This morning, Honda unveiled its latest Pilot SUV. Honda is calling it the largest and most powerful Honda SUV, and that appears to be true. But then Honda goes a step further and calls it the most “the most off-road capable Honda SUV ever,” and we’re not so sure about that. However, the 2023 Honda Pilot Trailsport is cool, so let’s take a look at it!
Just over 20 years ago, Honda hit the 2002 New York International Auto Show with its opening salvo on America’s growing lust for larger SUVs. The first-generation Pilot was designed to be the ultimate people hauler, sporting loads of cargo room and helpful features for kids and family. The Pilot has enjoyed three generations of getting families down the road in style, and now Honda is unveiling the fourth-generation today.
Dubbed the largest and most powerful Honda SUV, the automaker says that the Pilot comes with Honda’s most powerful V6 ever. Under the hood is a 3.5-liter dual overhead cam V6 producing 285 horsepower and 262 lb-ft torque. That’s paired to a 10-speed automatic driving an all-wheel-drive system that offers torque vectoring. For comparison, the original Pilot had a 3.5-liter V6 with 240 horses in its stable. And the third-generation Pilot punched out 280 horses with its V6.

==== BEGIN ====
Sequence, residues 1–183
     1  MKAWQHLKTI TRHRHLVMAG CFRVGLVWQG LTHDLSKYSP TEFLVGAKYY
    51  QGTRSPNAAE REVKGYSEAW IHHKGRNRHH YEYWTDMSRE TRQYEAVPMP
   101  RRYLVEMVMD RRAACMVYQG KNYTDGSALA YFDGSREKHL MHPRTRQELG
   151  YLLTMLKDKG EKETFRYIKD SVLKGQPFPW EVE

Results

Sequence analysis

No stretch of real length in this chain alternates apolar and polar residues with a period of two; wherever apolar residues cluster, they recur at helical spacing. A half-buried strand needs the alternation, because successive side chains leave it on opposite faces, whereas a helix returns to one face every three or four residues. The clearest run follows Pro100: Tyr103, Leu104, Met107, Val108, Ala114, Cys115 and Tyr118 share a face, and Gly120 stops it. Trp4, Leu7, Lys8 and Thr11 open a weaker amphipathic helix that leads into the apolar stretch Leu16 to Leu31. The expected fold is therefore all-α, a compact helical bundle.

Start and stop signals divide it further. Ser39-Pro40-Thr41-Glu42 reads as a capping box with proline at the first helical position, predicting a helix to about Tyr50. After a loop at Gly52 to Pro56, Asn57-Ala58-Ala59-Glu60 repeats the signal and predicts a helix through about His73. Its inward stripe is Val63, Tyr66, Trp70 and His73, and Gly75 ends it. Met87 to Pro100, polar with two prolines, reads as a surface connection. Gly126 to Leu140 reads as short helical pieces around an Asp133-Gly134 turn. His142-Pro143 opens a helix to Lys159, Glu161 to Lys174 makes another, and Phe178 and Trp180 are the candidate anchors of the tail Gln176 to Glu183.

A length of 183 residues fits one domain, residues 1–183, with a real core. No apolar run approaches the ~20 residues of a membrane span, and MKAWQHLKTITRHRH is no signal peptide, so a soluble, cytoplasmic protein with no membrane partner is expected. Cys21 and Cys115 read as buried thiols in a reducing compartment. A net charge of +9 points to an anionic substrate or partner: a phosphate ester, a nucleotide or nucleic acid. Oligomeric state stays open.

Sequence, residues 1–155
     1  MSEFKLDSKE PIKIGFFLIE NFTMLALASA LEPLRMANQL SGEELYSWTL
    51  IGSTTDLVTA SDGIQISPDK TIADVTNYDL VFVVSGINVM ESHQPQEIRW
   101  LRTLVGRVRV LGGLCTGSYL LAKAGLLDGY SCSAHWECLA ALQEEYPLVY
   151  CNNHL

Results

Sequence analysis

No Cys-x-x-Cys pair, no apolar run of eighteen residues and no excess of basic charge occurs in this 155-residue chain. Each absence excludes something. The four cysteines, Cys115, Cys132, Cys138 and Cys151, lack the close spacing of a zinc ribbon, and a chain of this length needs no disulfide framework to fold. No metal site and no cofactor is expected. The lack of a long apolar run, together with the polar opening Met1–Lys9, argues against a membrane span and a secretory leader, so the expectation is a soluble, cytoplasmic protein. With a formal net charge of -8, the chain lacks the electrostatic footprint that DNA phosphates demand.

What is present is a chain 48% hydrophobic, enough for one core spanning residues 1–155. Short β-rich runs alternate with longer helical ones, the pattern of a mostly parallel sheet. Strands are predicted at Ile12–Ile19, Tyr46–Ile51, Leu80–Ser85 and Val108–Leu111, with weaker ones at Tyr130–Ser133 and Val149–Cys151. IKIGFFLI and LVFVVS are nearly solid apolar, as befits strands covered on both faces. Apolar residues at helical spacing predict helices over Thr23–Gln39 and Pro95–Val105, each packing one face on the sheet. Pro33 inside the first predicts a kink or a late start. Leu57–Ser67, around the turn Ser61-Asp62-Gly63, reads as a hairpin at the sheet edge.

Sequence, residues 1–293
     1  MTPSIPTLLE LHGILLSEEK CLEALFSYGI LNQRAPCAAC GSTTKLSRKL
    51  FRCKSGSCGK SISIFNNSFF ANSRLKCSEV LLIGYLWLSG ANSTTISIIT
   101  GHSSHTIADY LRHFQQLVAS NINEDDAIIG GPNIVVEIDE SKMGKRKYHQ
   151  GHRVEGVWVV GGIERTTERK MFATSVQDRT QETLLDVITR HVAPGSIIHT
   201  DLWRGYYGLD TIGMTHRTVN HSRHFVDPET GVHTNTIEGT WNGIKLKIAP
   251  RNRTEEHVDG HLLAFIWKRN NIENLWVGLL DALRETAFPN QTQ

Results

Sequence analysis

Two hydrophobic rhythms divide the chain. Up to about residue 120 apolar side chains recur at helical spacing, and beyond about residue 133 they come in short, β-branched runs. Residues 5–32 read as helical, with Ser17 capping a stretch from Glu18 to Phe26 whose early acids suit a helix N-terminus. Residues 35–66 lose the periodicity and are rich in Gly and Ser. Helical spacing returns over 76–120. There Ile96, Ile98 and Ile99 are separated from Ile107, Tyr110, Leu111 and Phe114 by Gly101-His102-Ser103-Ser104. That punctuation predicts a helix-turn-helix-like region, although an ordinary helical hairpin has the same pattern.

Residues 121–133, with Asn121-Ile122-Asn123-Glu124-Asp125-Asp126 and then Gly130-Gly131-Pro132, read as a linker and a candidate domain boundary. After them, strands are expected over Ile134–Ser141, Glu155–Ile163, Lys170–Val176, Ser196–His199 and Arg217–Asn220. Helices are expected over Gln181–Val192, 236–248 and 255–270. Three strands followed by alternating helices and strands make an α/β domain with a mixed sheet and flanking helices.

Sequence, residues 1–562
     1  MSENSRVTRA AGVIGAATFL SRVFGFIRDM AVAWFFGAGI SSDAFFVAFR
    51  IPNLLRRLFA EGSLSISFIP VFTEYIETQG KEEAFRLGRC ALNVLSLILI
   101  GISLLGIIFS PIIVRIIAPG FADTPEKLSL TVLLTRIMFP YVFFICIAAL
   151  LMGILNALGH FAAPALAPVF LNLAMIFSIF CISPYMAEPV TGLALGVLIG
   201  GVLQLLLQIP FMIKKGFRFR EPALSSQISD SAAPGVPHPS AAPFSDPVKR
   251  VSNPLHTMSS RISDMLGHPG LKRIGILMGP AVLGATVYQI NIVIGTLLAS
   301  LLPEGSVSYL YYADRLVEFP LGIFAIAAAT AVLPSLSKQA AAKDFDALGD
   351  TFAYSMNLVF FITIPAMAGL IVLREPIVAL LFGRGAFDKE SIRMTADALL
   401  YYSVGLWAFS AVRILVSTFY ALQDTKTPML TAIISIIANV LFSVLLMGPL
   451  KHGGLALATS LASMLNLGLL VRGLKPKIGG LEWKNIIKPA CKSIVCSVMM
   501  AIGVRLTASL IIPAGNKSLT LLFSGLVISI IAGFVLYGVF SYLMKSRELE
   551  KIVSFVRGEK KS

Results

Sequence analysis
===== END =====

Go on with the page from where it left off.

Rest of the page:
So the new Pilot is indeed the most powerful, but we aren’t talking about something that will shred tires.
Inside, you get a cabin with a middle second-row seat that can be removed and stowed under the rear cargo floor. That gives owners the option to go full-on family hauler, or have buckets in the second-row. The Pilot seats up to eight when the middle seat is in place.
And when that middle seat is in place, but in a down position, the people sitting in the second row get a sizable center console. In terms of cargo hauling, Honda says that you get 113.67 cubic-feet behind the first row and 22.42 cubic-feet behind the third. The automaker says that there are storage compartments throughout, including 14 cupholders.
The headliner version of the new Pilot is the 2023 Honda Pilot TrailSport. This off-road version of the Pilot sports a TrailWatch camera system that uses four cameras to help off-roaders avoid obstacles without a spotter. Aiding in off-road capability is a one-inch suspension, Continental TerrainContact AT 30.5-inch tires, and skid plates right from the factory. These skid plates are said to be thick steel and protect the oil pan, transmission, and fuel tank. It also comes with a full-size spare and off-road recovery points.